Wednesday 16 October 2019

Army Rangers set to join UN peace mission in war-torn Mali

The most dangerous United Nations mission in the world

Irish Army Rangers in training. File photo
Irish Army Rangers in training. File photo
Tom Brady

Tom Brady

A CONTINGENT from the Army Ranger Wing, the special operations group within the Defence Forces, is to join the most dangerous United Nations mission in the world.

The UN peace enforcement mission, Minusma, in war-torn Mali, has suffered 125  fatal casualties since 2013, including 18 deaths so far this year, as a result of improvised explosive devices, rocket strikes and suicide attacks.

Approval for the deployment is expected to be given by the Government at a Cabinet meeting on Tuesday, on the recommendation of Defence Minister Paul Kehoe.

This will be the first deployment of the Rangers as an unit in overseas duties since their special forces role in Chad in 2008.

More than a dozen Rangers will be sent, either in the late summer or early autumn, and will be based with the mission — on a four-month rotation — for two years.

The Government adopted a cautious approach to the offer to send the Rangers when it was received last year and Mr Kehoe ordered a comprehensive review of the possibility of Irish deployment with Minusma by military management and his own senior officials.

This involved getting detailed information on the mission and its operations, consideration of the role which the Defence Forces might carry out there, how such a deployment fitted with military capabilities and a thorough threat analysis and assessment.

The Rangers are an elite military unit, trained and equipped to undertake a range of specialist roles and their capability is regarded as a significant asset to the State.

The Rangers have been previously deployed on UN peacekeeping operations in East Timor, Liberia and Chad.

Minusma is described as a significant UN peace enforcement mission, comprising both regular and special operations forces and high end capabilities.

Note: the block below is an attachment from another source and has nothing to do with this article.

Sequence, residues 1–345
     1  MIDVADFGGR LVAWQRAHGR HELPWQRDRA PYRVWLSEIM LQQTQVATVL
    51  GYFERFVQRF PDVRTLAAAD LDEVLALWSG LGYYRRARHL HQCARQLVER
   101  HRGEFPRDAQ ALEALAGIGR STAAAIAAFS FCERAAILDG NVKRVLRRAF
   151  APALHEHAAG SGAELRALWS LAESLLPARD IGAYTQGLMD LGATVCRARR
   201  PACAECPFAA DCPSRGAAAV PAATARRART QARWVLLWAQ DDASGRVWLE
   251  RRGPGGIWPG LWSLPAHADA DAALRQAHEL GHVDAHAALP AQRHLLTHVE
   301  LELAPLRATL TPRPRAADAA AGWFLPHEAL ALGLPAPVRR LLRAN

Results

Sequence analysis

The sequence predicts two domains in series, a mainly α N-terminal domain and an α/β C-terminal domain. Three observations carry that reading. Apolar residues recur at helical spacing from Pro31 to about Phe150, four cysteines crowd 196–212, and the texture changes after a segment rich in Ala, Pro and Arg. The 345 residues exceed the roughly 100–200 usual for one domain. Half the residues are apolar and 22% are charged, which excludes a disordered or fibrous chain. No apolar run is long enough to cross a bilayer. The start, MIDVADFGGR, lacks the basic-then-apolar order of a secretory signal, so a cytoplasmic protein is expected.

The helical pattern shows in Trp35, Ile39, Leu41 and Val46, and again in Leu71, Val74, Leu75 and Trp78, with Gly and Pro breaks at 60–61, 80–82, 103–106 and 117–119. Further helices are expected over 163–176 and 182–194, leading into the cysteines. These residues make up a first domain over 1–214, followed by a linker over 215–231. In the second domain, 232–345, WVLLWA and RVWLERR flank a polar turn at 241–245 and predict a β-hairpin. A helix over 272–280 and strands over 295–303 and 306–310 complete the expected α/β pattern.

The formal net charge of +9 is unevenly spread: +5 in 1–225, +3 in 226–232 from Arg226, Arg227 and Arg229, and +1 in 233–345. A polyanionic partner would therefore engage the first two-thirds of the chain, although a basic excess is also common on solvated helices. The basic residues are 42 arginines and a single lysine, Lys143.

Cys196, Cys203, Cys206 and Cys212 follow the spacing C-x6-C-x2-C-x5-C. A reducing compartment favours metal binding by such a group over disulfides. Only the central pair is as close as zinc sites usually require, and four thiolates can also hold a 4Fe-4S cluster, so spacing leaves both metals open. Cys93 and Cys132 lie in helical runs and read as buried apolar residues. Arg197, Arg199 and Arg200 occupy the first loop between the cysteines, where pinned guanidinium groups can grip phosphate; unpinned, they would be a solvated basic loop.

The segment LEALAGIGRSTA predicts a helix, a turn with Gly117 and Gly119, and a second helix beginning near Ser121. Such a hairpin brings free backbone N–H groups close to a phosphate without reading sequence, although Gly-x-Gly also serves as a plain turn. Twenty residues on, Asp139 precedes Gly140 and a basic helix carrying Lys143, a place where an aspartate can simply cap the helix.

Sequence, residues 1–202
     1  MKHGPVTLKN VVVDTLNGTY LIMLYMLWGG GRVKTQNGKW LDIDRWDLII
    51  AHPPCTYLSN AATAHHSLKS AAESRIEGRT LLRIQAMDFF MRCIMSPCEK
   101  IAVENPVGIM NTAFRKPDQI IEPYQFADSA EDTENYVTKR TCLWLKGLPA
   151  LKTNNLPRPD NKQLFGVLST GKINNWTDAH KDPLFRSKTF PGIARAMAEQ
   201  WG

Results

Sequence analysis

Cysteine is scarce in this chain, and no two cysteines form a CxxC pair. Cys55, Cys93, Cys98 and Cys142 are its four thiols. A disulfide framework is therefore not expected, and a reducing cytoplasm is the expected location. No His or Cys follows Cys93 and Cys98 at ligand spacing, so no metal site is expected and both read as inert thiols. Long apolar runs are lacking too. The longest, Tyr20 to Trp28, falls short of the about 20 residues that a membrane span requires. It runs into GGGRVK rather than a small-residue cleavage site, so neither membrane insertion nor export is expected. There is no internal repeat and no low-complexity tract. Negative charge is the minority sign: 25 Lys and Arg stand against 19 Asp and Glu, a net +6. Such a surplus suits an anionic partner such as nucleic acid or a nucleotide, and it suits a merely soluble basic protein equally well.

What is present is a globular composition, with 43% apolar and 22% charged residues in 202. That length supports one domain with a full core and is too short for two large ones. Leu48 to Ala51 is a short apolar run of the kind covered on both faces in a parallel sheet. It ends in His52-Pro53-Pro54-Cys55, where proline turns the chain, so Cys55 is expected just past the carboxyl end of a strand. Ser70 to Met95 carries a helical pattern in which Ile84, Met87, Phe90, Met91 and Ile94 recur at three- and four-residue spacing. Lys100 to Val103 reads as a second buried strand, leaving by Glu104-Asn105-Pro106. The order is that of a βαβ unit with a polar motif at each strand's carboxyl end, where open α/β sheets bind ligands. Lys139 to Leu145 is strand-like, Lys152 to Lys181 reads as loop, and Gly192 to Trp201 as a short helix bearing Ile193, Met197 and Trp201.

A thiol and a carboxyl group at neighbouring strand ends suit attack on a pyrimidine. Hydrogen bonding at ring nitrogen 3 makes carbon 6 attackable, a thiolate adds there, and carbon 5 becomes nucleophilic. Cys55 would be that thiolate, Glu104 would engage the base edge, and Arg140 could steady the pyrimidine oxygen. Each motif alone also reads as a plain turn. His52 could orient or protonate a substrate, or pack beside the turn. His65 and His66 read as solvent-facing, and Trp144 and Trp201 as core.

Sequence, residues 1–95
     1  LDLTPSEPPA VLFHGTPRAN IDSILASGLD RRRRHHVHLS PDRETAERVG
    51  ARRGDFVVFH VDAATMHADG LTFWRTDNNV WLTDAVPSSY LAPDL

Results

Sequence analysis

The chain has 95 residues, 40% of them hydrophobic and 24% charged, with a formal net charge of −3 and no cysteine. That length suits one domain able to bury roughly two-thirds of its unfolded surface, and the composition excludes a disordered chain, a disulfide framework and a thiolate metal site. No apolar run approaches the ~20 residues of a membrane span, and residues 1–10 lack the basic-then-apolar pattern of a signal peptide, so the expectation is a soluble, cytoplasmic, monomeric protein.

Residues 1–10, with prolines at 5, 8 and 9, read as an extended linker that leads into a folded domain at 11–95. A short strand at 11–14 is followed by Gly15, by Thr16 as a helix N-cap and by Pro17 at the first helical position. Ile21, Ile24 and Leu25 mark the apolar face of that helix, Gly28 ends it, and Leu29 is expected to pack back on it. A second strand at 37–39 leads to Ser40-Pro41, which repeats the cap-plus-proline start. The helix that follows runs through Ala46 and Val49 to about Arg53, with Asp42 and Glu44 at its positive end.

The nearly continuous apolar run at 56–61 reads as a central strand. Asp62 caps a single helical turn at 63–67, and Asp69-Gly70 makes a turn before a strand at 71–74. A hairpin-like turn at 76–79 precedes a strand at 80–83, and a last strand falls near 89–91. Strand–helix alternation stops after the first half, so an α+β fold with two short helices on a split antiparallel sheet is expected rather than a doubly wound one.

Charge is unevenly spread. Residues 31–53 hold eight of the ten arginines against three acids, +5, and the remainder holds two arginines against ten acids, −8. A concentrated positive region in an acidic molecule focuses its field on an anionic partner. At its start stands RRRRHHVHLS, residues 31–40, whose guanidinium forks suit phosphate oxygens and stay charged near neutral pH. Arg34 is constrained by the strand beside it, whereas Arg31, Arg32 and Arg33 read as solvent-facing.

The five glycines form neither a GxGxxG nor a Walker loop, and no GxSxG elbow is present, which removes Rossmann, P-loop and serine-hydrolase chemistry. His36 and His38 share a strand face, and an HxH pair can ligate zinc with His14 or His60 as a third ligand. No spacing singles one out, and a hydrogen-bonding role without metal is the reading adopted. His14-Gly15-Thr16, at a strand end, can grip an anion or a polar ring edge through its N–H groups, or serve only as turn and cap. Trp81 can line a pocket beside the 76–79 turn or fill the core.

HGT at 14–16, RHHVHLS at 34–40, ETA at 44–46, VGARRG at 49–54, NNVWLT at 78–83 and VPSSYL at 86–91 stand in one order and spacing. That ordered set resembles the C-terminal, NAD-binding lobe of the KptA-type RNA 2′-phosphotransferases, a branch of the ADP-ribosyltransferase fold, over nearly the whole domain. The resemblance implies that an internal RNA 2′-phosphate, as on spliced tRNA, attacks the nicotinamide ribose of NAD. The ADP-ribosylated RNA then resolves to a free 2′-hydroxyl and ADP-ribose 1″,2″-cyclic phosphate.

The Defence Forces currently have no personnel serving with Minusma but have a detachment with a separate UN mission in Mali, dedicated to training local military.

The Irish are all deployed in relatively safe jobs and are not active in danger zones.

The increasing instability in the Sahel region of sub-Sahara Africa is recognised by the UN as a very significant threat while the area is also the centre of major crime, including people trafficking, unregulated migration, international terrorism and smuggling.

Ireland has already declared it has a key interest in contributing to security and stability in Western Africa, which is a prime focus of the development aid programme.

Aid officials are concerned that development cannot progress in the absence of a safe and secure social and economic environment.

Mr Kehoe is likely to tell his colleagues that, as a committed supporter of UN action in the region, Ireland cannot remain aloof from this international effort, despite the risks involved.

Having studied the military advice, the minister is expected to recommend that a deployment from the Ranger Wing would have the capacity to contribute to the effectiveness of Minusma in establishing stability.

As part of the “triple lock mechanism” for military deployment overseas, the Government, with UN and Cabinet approval, will then seek the go-ahead from the Dail. The Ranger Wing will form a “significant element” within a 148-strong military detachment participating in a German-led battlegroup, which will be on stand-by for the second half of 2020.

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